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23 Nov 20

Shining a light on low-pressure sodium lamps in DESTINY


In the second half of the DESTINY exhibition, a visitor will encounter some floor length, black curtains. Through these, four glass bulbs hang from the ceiling, flooding the room in a yellow glow. Not just any yellow light, but specially sourced bulbs known as low-pressure sodium lamps which emit a virtually monochromatic colour, and results in a flattening or dulling to all other colours.

It was Destiny Deacon’s co-collaborator, Virginia Fraser, who first read about this light source in an art magazine whilst transiting through an overseas airport. Fascinated by the unusual effect it apparently had on colour and the subsequent mood it created in a space, Fraser went about trying to source these bulbs. Due to sodium lamps being disposable items and now obsolete technology, not an easy task! However once found, Fraser and Deacon together developed an art installation titled Colour Blinded which utilised their full impact.

The colour-draining or neutralising effect of this light pairs beautifully with some of the many themes running through Deacon’s exhibition: skin-colour discrimination and racism. Indeed, human skin tones become indiscernible, rendering only in various shades of grey.

Low-pressure sodium lamps (LPS), also known as SOI or SOX lamps (SO for sodium)ii, were first invented in 1920 by Arthur H Compton for Westinghouse, in Pittsburgh, USA. The problem with the early models was that the highly corrosive sodium would degrade and blacken the housing made of regular silica glass. Advancements were made by Marcello Pirani at Osram in Germany when he invented a sodium-resistant glass in 1931. Commercial production of LPS lamps began in 1932 by Philips in the Netherlands.1Sodium Lamp, High lumen output at high efficiency (1920-Today) >> edisontechcenter.org/SodiumLamps (accessed 08.08.2020)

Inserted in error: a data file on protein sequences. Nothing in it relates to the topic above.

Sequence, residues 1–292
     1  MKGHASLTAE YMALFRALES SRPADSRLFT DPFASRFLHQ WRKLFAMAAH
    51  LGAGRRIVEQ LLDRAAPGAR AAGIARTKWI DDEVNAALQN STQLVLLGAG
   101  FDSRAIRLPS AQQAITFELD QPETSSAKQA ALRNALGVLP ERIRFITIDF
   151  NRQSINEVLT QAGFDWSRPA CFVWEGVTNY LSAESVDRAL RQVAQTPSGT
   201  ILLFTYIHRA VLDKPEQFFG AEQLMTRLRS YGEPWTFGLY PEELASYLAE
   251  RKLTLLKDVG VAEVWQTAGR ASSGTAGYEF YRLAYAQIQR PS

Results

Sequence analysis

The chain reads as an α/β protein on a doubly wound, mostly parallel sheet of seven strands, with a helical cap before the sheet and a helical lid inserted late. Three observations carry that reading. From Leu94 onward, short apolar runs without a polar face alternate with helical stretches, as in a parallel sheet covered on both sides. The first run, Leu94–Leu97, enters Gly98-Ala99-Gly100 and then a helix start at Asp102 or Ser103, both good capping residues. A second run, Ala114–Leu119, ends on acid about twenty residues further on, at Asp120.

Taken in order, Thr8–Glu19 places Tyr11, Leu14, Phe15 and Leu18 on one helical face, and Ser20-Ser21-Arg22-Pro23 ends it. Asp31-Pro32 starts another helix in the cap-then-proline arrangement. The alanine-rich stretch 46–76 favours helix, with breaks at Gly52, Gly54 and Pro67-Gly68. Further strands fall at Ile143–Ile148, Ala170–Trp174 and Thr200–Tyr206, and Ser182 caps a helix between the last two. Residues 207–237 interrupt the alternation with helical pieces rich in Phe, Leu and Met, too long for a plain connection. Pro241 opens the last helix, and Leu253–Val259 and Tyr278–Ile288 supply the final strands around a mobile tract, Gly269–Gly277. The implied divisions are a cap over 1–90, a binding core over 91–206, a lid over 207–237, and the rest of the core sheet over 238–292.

Bulbs were manufactured from an inner glass ‘discharge’ tube containing solid sodium, neon and argon gas, surrounded by a secondary glass vacuum chamber which offered thermal insulation. When the inner tube is initially lit, a pink light warms the sodium metal causing it to slowly vaporize. Within 5-10 minutes, the emission becomes the characteristic strong yellow with spectral lines at 589.0 and 589.6 nm. When objects are illuminated by this extremely narrow bandwidth, colours are very difficult to distinguish.2Sodium-vapor lamp en.wikipedia.org/wiki/Sodium-vapor_lamp (accessed 08.08.2020)

LPS lamps are extremely efficient, largely due to them using all their current to create a light in this narrow bandwidth which is close to the peak sensitivity of the human eye. Modern versions have a service life of approximately 18,000 hours and lumen output does not decline with age, although energy consumption does increase. They provided low-cost solutions for illuminating large outdoor areas and were primarily used as streetlights and for security lighting. LPS lamps have also been a preferred light source where light pollution is a concern such as near astronomical observatories and wildlife nesting sanctuaries.2Sodium-vapor lamp en.wikipedia.org/wiki/Sodium-vapor_lamp (accessed 08.08.2020)